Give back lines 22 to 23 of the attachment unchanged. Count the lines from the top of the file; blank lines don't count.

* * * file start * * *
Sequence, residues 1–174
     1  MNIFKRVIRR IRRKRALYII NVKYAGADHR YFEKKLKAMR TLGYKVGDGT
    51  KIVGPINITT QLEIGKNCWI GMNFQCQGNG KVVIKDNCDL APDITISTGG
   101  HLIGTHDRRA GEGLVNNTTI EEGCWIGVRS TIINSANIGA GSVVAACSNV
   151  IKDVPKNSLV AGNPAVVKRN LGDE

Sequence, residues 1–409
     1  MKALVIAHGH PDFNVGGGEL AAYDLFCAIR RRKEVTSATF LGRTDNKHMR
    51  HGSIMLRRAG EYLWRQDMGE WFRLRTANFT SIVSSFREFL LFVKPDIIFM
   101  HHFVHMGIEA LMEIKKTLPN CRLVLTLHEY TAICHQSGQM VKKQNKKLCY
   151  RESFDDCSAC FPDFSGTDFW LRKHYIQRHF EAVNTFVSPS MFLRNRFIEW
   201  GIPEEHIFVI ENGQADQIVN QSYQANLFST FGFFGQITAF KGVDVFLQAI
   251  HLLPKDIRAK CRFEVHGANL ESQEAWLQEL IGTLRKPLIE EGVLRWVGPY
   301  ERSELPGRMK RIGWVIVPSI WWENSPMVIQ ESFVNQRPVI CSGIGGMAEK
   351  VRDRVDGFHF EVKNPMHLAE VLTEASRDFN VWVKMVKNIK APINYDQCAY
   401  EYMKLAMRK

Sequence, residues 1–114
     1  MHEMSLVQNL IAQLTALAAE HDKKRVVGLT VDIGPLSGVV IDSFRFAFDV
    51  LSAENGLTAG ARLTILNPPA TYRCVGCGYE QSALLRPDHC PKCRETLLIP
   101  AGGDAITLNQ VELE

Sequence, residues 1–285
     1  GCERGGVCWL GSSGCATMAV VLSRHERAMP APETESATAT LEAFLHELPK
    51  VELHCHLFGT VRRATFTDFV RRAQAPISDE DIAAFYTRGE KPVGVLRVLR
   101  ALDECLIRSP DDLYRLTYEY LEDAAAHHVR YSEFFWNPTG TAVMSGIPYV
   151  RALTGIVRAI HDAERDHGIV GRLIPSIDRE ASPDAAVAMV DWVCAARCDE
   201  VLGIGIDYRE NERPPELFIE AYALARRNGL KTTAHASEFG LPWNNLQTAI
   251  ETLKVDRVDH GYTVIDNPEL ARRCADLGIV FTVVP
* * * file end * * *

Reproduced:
    51  VELHCHLFGT VRRATFTDFV RRAQAPISDE DIAAFYTRGE KPVGVLRVLR
   101  ALDECLIRSP DDLYRLTYEY LEDAAAHHVR YSEFFWNPTG TAVMSGIPYV